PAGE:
I was given a full spectrum lamp to help and we are fortunate to be able to go to the Sea of Cortez twice a year….warm water, sun, sun, sun ..did I mention sun?

  4. Canon for Veterans Ministry —

    Lucky for you that there was work in Glasgow. Your family could have been out at that radar facility at Opheim.

    I was Navy in the ’70 ‘s, but missed out on the defense of North Dakota. I put my best efforts into the defense of Hawaii and WestPac, though.

    1. Porkchop,

      Let’s see ah yes the other part of that decade.
      69-70…Destroyer Escort on Market Time dancing with junks
      70-71. On the rivers loving the tune that had “rolling, rolling, rolling down the river.” Then the freedom bird songs. We gotta get out a this place, do you know the way to San Jose and leavin on a jet plane….some of the lyrics were a tad changed. 😉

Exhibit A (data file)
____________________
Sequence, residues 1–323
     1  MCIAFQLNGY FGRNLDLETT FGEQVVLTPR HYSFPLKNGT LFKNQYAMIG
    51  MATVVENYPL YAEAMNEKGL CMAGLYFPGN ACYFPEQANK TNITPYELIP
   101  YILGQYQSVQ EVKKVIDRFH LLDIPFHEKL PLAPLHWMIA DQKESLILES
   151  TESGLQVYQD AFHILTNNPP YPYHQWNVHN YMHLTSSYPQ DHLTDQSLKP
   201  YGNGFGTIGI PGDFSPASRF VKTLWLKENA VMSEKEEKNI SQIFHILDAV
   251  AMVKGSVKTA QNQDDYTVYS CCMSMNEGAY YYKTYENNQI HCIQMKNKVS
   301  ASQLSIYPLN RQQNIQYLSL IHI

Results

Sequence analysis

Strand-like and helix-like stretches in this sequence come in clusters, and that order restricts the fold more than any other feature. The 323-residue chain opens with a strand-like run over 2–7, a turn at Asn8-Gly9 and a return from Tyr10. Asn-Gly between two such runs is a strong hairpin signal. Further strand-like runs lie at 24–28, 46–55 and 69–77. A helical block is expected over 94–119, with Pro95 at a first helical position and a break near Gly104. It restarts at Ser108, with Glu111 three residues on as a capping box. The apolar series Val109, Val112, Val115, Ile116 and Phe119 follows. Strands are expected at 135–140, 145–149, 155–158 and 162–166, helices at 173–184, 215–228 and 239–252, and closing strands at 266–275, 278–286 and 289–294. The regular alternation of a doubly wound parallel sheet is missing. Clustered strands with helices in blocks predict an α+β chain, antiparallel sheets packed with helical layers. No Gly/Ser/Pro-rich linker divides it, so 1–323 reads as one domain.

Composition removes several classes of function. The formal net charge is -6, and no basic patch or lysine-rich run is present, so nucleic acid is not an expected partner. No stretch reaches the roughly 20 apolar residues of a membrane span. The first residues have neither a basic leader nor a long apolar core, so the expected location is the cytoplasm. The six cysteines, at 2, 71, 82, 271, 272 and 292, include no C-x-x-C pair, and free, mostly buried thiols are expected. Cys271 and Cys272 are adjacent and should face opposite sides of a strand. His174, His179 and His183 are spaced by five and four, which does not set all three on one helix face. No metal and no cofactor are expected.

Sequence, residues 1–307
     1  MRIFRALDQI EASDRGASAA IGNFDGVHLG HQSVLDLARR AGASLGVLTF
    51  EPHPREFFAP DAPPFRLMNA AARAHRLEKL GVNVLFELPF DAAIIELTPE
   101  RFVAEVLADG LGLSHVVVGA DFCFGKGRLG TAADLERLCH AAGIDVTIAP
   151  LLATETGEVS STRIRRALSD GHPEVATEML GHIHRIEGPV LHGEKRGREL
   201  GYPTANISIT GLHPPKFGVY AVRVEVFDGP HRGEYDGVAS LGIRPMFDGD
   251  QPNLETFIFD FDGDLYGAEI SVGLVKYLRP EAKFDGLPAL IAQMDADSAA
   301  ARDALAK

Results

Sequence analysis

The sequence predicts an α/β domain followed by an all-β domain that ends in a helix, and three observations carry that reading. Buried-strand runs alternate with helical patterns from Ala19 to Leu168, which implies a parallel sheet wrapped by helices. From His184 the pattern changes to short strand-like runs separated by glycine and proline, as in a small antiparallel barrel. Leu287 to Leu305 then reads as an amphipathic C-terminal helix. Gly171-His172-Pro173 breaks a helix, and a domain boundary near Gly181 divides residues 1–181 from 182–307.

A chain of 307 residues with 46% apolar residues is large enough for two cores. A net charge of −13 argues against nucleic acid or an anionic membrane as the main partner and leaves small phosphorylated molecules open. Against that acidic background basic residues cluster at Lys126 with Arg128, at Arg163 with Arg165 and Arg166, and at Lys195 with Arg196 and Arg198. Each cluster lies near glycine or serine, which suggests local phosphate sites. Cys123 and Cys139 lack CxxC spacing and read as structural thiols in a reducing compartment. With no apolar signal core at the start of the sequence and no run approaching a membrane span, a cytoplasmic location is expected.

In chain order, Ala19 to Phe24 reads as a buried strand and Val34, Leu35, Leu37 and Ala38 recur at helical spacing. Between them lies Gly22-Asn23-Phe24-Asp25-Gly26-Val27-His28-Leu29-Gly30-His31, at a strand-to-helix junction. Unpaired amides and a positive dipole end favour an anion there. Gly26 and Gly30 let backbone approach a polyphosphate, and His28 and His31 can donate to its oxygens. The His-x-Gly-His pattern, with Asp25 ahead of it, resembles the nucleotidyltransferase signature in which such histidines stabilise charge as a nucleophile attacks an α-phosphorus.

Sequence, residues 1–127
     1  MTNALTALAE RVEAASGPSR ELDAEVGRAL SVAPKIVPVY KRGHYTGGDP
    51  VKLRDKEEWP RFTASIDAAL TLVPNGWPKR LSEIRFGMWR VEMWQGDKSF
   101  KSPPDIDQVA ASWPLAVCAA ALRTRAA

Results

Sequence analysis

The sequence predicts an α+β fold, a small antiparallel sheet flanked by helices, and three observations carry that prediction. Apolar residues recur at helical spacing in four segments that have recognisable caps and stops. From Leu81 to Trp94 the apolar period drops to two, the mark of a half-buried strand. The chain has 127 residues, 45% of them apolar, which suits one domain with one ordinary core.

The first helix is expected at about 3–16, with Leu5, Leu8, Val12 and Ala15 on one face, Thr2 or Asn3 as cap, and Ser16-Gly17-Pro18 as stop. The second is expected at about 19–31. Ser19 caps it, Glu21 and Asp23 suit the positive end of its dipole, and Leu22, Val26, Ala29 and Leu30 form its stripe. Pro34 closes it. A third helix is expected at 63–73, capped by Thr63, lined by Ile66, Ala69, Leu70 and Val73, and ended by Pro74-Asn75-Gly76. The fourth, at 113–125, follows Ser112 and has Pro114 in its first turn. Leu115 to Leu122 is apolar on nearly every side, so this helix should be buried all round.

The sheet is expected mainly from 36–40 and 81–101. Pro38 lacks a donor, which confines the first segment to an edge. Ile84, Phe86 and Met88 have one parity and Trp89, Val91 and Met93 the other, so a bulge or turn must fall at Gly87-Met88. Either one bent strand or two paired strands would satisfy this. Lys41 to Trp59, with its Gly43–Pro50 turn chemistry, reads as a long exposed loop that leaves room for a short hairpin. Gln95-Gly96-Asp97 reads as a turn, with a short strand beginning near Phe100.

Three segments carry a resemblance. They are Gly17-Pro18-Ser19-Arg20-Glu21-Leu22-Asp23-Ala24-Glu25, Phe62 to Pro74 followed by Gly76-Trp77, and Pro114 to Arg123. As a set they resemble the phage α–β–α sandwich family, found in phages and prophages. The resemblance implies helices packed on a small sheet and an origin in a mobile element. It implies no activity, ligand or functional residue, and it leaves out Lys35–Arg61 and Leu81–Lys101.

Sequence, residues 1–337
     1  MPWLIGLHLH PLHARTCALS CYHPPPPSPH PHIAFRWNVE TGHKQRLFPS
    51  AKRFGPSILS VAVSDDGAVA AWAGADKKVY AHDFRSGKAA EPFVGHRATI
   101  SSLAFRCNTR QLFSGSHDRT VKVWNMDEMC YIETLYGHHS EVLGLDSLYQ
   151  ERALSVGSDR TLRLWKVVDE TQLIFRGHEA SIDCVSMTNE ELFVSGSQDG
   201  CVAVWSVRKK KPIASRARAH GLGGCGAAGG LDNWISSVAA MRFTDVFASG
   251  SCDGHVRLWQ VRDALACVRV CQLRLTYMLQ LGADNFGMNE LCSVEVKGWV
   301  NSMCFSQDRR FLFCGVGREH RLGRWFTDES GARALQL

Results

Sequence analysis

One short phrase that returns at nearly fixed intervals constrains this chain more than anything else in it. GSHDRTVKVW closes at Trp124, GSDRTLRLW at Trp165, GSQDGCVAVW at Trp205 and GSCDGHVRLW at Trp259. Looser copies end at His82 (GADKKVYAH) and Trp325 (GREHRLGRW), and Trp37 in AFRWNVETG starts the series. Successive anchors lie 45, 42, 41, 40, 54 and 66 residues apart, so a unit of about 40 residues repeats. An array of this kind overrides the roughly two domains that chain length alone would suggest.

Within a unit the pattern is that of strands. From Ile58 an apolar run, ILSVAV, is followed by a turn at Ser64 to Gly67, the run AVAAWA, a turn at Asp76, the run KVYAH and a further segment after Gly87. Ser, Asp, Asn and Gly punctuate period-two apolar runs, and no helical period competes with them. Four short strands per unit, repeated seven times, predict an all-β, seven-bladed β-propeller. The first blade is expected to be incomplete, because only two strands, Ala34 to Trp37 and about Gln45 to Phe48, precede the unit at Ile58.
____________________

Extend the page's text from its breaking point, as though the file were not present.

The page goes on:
Then back again for North’s Easter Offensive of 1972 then caught in the middle Super-typhoon Rita. Typhoons “never turn south” ….. Not true.

      Fargo in 76 78 was about as far away as one could get from the coasts.

  5. Back to this sheriff (sorry about the false start above), what is with all these stars proliferating across law enforcement? It’s like juntas. I can “buy” 4 stars for somebody like the NYC police commissioner–if “Blue Bloods” is accurate.

    Three stars for a police chief with 7 officers in a city with about 36,000 residents? One of our county sheriffs in Puget Sound (not Seattle’s King County) always wears his four stars. Patton was promoted to 3 stars when he was given II Corps in North Africa and proceeded to cleanup. But even then his permanent rank was Colonel (an Eagle) …3 stars were temporary wartime until Congress acts later.